The detections of MTBE in a small percentage of nation’s drinking water supplies have prompted questions concerning the health effects of MTBE. Those with a desire to see MTBE removed from the marketplace have gone further to suggest that little is known about the health effects of MTBE. In fact, nothing could be further from the truth.
MTBE's first contribution to the health of Americans was as a replacement for lead in gasoline in the late 1970s. MTBE was added to maintain octane in the fuel. Under the Clean Air Act, the refiners' ability to use MTBE in unleaded fuel was subject to EPA approval. The refiners made the appropriate demonstrations, including providing information on the known health effects of MTBE, and EPA approved the use of MTBE at concentrations of up to seven percent, by volume. In 1981, EPA approved a blending of MTBE in unleaded gasoline to a maximum of 11 weight percent. In the early 1980s, refiners created an industry study group, managed by the American Petroleum Institute.
The industry group sponsored a toxicology testing program and submitted the results to EPA.
In 1986, a Federal Interagency Testing Committee, acting under authority of the Toxic Substances Control Act, recommended additional testing of MTBE based on expected increased production levels, potential exposure as a gasoline component, and the need to complete data sets. The industry agreed to conduct such testing and established a program under EPA oversight and guidelines. From 1988 until 1992, the industry testing group sponsored and/or conducted all of the tests required by EPA. Progress reports on these tests were submitted to EPA for inclusion in the public docket. In 1988, EPA approved the blending of MTBE in unleaded gasoline to a maximum of 15 percent by volume.
In addition to the industry-sponsored tests, toxicologists at EPA's laboratory in Cincinnati, Ohio conducted the first examination of the risks of exposure to MTBE by ingestion. The peer-reviewed study, reported in the Journal of the American College of Toxicology, did not identify any adverse long-term effects associated with exposure to MTBE. Regretfully, MTBE is repeatedly and incorrectly treated as “the skunk at the garden party.” The popular media characterize it as a “probable” or “possible” carcinogen.
In 1999, the International Agency for Research on Cancer (IARC), part of the World Health Organization, conducted a review of the existing research on the chronic (long-term) effects of exposure to MTBE. IARC can classify a substance into one of five categories: Group 1 carcinogenic to humans; Group 2A -- probably carcinogenic to humans; Group 2B possibly carcinogenic to humans; Group 3 -- unclassifiable as to carcinogenic risk to humans; and Group 4 -- probably not carcinogenic to humans. The IARC review put MTBE in Group 3, concluding that there is "inadequate evidence in humans for the carcinogenicity" of MTBE. Such a finding places MTBE in the same category as caffeine, tea, and fluorescent lighting.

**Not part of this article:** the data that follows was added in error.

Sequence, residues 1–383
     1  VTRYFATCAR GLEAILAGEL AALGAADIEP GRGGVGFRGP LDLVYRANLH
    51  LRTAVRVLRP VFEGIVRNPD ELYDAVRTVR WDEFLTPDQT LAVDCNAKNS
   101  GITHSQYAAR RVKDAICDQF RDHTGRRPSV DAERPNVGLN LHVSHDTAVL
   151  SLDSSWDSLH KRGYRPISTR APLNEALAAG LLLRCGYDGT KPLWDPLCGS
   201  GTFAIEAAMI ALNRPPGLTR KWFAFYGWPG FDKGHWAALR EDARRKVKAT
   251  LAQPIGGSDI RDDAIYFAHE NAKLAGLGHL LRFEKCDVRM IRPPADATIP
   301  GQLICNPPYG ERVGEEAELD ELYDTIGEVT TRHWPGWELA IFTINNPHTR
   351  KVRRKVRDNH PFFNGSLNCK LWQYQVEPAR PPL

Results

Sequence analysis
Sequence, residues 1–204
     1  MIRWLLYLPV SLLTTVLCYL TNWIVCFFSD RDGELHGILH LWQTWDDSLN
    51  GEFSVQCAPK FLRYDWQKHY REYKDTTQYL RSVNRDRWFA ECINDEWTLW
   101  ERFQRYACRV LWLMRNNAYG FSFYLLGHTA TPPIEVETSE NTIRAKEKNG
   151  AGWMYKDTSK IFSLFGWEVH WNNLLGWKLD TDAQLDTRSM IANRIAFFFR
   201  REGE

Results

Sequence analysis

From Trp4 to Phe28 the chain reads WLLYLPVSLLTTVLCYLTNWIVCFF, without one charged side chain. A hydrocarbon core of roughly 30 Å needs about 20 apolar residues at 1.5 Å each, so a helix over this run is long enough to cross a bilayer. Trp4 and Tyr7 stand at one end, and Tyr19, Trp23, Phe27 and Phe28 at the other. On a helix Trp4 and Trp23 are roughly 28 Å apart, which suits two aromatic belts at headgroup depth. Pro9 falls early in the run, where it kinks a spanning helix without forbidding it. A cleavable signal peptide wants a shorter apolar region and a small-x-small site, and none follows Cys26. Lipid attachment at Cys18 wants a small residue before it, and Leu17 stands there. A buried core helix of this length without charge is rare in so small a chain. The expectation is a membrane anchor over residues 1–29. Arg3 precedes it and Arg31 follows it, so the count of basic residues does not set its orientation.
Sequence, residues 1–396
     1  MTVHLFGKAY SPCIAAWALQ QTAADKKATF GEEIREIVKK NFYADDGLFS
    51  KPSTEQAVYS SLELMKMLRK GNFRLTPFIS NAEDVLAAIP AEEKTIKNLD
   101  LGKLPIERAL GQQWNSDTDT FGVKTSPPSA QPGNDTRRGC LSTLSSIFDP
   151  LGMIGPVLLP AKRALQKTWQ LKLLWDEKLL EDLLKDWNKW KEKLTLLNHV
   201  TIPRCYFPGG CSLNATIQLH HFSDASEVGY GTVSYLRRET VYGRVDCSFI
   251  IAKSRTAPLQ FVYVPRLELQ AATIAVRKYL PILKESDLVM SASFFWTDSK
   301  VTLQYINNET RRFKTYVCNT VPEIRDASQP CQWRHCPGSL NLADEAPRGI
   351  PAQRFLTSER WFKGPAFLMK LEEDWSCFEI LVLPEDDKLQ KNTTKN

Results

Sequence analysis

As an aside, you might find it interesting to know that MTBE has been used by physicians for years to dissolve gall stones within the human body. Other respected and recognized expert bodies who have recently examined the scientific weight of evidence on MTBE and have also declined to list it as a known, probable, possible or likely human carcinogen include the California Proposition 65 Scientific Advisory Panel Carcinogen Identification Committee and the Federal National Toxicology Program (NTP).
In May 2000, the National Institute for Environmental Health Sciences (NIEHS) released its congressionally mandated report on cancer-causing substances. The report declined to list MTBE as a cancer-causing agent or as an agent likely to cause cancer, but did, however, add ethanol-based beverage alcohol to the list of known carcinogens. As recently as December 20, 2000, the European Union environmental agency's Classification Labeling Committee announced that it had determined that MTBE was not classifiable as a human carcinogen and that it would not ban MTBE.
In summary, we do not believe there is any credible evidence that indicates MTBE presents a significant risk to human health from either a short-term exposure or over a longer term. Over 80studies have concluded there is no risk to human health. Ethanol on the other hand has been classified as a known human carcinogen. What is clear is that MTBE has resulted in reduced cancer risk by reducing hazardous air pollutants.
Impact on Water Quality
While MTBE quietly labored as the workhorse of the Clean Air Act since 1992, few in the public took notice until MTBE was detected in a few, isolated sources of drinking water, principally in California. A recent study ("A Screening Level Assessment of Household Exposures to MTBE in California Drinking Water," Williams, P.R., et.al.) in the March 2000 edition of Soil, Sediment & Groundwater indicates that the average MTBE concentrations in California have steadily declined over the 1995-99 time period. The source of MTBE contamination of drinking water supplies in most cases is leaking underground gasoline storage tanks. For example, the South Lake Tahoe area in California is served by seven local gas stations. According to testimony given during the California public hearings on groundwater contamination by MTBE, all of these stations were leaking gasoline into the groundwater; not surprisingly, this gasoline eventually found its way into the water supply for South Lake Tahoe, California. Violations of existing regulations included evidence of disabled dispenser sensors, poor installation, disabled leak detection, and inadequate documentation of annual inspections.